The Info List - Ami Perrin

--- Advertisement ---

AMI PERRIN (died 1561) was a Swiss Libertine
and one of the most powerful figures in Geneva
in the 16th century as chief opponent of religious reformer John Calvin
John Calvin
's rule of the city. wanted to be elaborately dressed and to live well, and was not merely dainty in his eating, which means to desire little but the best, but dainty and gluttonous together, since he must have plenty of the best. François Bonivard

Perrin's father was a dealer in wooden vessels who later expanded into cloth retail and married the daughter of a thriving apothecary from Piedmont
. Their only child, Ami, they fawned over and spoiled excessively. Perrin was associated with the Eidguenots, Geneva's anti-Savoyard party and in 1529 commanded a company against the Duke of Savoy . During the 1530s he was a partisan of Protestant reformist John Calvin, and a convinced "Guillermin", but considered himself poorly rewarded for this support. The Perrins were a prominent and wealthy Genevese family which strongly supported the independence of the city and invited Calvin back from Strasbourg
in 1541. However, Perrin became disillusioned with Calvin's rule, specifically the large number of immigrants and foreign ministers, and was concerned that the Holy Roman Emperor
Holy Roman Emperor
, Charles V would capture the city as part of his campaign against the German princes. Perrin, who was at this point a man of great reputation and authority in Geneva, led the Libertine faction in the city which argued against Calvin's "insistence that church discipline should be enforced uniformly against all members of Genevan society". In 1547, Perrin was elected captain-general of the city's militia.

He married Françoise Favre, the daughter of François Favre , a merchant draper and former Eidguenot who was active on the Council and prosecuted in 1547 for accusing Calvin of proclaiming himself bishop of Geneva. Françoise appeared before the consistory (the congregation's governing body of elected officials) the same year, for the offence of dancing. Resisting the authority of Church elders, she claimed the right to punish her was reserved for her husband, Ami, who was in France representing the city before Henry II at the time. Returning to Geneva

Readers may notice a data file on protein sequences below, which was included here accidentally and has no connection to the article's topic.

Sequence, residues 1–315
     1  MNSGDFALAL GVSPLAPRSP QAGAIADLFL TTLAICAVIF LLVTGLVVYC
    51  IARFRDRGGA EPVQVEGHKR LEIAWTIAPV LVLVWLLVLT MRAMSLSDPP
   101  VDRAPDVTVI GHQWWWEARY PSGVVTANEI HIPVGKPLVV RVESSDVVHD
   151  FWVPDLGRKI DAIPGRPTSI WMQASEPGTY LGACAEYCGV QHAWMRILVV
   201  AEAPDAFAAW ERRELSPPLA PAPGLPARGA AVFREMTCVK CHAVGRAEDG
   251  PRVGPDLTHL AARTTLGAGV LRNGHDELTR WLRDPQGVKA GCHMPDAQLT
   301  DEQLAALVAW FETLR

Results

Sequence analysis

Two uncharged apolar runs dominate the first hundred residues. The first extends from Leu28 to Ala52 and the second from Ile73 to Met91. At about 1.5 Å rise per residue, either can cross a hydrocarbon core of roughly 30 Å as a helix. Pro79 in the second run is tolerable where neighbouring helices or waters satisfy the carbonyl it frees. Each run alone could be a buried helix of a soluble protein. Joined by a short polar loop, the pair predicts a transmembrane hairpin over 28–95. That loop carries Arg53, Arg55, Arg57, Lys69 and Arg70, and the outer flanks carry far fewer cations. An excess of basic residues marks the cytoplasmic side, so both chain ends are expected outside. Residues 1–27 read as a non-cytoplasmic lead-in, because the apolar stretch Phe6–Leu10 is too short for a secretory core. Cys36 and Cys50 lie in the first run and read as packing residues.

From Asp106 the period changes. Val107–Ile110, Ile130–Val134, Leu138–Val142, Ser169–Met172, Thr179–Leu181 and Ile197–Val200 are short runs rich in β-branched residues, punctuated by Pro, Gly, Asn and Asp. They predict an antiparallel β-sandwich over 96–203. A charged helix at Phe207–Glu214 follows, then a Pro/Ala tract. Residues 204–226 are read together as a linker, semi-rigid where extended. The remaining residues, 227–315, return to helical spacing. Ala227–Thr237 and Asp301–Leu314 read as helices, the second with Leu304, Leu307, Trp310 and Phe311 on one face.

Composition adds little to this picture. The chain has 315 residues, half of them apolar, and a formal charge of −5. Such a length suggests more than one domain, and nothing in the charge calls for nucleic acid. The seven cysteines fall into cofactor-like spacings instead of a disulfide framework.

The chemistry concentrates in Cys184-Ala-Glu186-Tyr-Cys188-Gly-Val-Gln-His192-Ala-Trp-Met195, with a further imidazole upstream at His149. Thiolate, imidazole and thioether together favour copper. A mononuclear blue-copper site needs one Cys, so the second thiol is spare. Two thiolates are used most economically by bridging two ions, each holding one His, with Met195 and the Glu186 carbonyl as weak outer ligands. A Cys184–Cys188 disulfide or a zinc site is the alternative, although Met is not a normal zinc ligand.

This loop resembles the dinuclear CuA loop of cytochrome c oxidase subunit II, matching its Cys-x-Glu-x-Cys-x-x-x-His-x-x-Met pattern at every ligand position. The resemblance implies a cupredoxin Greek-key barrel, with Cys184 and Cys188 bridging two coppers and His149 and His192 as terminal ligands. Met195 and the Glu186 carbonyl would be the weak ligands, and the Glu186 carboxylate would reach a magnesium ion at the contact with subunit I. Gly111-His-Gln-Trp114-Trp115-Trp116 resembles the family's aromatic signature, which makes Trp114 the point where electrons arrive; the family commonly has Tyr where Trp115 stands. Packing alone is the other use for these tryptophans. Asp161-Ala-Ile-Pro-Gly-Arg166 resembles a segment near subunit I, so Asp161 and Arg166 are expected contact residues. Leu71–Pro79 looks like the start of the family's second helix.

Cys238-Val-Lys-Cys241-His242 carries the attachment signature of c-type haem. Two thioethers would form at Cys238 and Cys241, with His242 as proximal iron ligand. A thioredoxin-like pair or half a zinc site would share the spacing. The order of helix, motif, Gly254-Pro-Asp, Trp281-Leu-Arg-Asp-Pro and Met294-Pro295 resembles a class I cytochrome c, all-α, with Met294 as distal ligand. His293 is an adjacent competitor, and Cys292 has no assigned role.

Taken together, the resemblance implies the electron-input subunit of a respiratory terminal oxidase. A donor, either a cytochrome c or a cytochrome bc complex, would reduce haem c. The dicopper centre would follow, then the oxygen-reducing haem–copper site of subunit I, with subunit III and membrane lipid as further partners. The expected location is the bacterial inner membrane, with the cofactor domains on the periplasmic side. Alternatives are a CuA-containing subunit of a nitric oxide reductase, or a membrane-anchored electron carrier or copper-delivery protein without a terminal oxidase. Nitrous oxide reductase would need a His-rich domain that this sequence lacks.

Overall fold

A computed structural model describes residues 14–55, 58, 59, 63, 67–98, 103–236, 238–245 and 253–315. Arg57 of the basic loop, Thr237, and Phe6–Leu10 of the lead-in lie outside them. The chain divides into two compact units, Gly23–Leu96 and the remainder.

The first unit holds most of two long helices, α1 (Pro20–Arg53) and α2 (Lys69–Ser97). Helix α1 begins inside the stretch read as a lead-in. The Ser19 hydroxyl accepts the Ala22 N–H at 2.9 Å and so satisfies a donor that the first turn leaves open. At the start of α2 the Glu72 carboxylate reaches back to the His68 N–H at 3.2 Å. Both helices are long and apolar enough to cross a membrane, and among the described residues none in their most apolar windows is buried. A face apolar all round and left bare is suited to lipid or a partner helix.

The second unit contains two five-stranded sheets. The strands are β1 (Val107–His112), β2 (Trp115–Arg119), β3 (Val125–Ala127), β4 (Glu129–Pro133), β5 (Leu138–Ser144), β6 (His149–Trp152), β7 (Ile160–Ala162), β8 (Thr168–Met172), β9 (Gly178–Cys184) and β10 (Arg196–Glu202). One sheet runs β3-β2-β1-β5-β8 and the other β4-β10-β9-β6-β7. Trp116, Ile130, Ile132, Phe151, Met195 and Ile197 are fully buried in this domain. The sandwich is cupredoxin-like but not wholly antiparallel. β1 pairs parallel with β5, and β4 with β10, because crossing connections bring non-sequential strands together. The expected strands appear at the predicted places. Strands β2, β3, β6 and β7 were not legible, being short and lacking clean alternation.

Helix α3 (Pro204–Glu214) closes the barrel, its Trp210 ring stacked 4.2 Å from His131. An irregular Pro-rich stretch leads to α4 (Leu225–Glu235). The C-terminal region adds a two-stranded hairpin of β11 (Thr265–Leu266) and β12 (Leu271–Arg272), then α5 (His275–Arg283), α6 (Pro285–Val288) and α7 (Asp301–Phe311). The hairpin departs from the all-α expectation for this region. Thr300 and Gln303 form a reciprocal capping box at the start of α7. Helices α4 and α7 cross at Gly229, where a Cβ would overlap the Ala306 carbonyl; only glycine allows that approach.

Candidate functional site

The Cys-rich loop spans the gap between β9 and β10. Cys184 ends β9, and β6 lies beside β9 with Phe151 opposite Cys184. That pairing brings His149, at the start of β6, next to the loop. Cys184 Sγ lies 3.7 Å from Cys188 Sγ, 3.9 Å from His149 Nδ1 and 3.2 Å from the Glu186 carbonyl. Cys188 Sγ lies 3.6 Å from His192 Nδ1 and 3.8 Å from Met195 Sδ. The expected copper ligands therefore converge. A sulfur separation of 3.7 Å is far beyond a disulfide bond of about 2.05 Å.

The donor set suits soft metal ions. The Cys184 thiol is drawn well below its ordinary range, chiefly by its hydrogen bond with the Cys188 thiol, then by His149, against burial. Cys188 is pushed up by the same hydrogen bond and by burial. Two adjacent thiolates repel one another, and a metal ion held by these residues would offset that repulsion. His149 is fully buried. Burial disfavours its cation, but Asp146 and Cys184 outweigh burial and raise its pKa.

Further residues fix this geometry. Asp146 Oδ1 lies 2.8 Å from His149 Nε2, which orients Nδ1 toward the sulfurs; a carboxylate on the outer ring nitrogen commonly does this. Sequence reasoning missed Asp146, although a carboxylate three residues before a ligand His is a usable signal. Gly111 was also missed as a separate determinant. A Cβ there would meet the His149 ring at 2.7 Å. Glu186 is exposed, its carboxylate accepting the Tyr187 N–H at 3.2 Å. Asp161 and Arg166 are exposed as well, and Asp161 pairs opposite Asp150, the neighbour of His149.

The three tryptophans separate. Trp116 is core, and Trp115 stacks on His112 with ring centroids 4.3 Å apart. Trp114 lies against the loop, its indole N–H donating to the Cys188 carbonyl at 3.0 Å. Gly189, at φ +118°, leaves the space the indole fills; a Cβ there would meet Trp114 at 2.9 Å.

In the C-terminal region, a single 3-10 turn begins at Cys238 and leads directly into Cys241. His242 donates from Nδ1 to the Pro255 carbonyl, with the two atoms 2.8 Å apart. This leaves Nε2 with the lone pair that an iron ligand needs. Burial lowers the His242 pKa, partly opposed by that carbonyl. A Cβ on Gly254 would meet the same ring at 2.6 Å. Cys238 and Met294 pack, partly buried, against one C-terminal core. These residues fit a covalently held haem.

in September of that year, Perrin famously proclaimed before the court:

I understand that you are considering imprisoning my father-in-law and my wife. My said father-in-law is old, my wife is ill; by imprisoning them you will shorten their days, to my great regret, which I have not deserved, and which would be to give me poor recompense for the services I have done you. Therefore I beg you not to imprison them. If they have done wrong, I will bring them here to make such amends that you will have reason to be content. I pray you to grant me this, since if you put them in prison, God will aid me to avenge myself for it. — Ami Perrin, quoted by François Bonivard

His petition was refused by the council, and he was accused of treason for allegedly offering to introduce a French garrison into